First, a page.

Council are almost a quasi funding partner in the Wyndham Harbour Project because the marina component is considered public infrastructure. The project is being funded privately, however there is a lot of interface with council and government. You are often dealing with authorities in a capacity that they are not accustomed to. It can make it incredibly convoluted for the project. At Wyndham, it took the first phase approvals 8 years to get through authority approvals.

We started construction at Wyndham in 2011. With subdivision works initially, followed by the marina works. Construction has been staged due to the complicated financing of the project. The funding required, is not something you can get from banks. We have had to procure the funds from other sources. In essence, we have to complete sections of work, obtain the profit out of that, to then fund the next stage.  The marina will be the largest marina in Port Phillip Bay just in this stage alone. 

One of the challenges that interested me, was the fact that with most marina developments, the first two developers typically go bust and the third developer makes money out of it. We have been pretty motivated not to go bust!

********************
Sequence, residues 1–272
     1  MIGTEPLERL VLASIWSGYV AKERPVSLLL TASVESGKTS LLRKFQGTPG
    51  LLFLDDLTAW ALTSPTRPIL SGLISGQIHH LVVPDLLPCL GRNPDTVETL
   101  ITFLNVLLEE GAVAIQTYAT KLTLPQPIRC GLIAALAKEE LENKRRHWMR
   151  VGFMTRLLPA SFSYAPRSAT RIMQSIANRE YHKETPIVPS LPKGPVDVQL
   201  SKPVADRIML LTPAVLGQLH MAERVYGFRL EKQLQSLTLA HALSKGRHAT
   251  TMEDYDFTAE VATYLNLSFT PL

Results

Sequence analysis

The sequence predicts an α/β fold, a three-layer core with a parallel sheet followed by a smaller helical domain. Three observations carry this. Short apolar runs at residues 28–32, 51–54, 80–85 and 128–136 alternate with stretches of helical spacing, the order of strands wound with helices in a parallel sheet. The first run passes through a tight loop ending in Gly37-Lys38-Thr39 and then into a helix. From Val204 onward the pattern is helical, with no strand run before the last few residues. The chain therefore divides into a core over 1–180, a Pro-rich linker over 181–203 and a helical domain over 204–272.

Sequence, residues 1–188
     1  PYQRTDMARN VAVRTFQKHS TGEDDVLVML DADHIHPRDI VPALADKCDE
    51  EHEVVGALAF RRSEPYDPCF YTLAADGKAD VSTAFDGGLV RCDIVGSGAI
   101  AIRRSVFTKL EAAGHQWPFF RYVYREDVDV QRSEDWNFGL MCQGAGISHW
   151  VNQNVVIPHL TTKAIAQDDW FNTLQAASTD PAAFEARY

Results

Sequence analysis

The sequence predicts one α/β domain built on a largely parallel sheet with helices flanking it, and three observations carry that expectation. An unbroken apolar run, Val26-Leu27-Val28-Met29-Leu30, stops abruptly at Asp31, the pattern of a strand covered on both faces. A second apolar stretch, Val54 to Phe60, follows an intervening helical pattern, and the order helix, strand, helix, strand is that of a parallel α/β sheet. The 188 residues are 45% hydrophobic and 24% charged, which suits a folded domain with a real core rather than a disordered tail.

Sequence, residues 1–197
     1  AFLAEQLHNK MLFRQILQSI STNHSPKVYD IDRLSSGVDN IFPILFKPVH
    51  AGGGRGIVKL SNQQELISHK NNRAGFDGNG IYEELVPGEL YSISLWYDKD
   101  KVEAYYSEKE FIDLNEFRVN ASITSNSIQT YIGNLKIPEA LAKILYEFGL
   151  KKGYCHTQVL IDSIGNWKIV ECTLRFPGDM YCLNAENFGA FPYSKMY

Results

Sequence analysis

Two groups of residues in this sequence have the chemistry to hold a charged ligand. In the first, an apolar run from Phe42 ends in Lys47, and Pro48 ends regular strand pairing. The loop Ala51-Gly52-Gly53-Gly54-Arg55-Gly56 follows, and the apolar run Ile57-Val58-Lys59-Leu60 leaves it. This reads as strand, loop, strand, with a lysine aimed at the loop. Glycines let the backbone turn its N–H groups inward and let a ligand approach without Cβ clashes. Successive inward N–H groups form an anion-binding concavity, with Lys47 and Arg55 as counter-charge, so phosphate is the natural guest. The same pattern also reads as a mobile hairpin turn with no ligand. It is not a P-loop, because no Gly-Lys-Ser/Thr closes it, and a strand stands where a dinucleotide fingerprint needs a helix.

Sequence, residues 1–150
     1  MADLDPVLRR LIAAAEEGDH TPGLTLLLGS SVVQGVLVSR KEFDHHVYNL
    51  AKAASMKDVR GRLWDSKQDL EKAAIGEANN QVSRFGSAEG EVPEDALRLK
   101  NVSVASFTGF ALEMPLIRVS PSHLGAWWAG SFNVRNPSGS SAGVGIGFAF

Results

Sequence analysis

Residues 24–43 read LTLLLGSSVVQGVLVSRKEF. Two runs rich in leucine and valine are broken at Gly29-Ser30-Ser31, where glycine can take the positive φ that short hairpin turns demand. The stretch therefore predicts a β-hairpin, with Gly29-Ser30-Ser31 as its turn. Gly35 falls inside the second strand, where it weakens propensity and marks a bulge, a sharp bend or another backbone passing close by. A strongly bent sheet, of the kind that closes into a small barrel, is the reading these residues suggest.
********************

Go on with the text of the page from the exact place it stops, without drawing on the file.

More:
When you talk about the time frame it has taken to deliver this project, most people say ‘Are you still working on that thing!?’ However anyone who has been involved in marinas, knows it is a lengthy process and project execution. By the end of this year the project will be completed. 

Our role is very much about managing the stakeholders. There is a number of different arrangements amongst all the shareholders depending on the different aspects they each bring to the table. Our role is understanding what each party’s objectives are. One shareholder is the major financial contributor to that project. As a result, they expect a greater return on their investment because they have that control. You need to work with that and it is challenging. Often you end up with a lot of politics.

A good leader is someone that respects the team around them and is prepared to take the time to get to know them and understand their team and what motivates them. Someone that gives their team the opportunities to grow. I think that there are too many managers out there, that undermine their staff, trying to make themselves look better. If you start off with the premise that your staff actually want to make you look good and if you start off by giving them the tools and assistance to grow and develop, it will make you and your team look good too.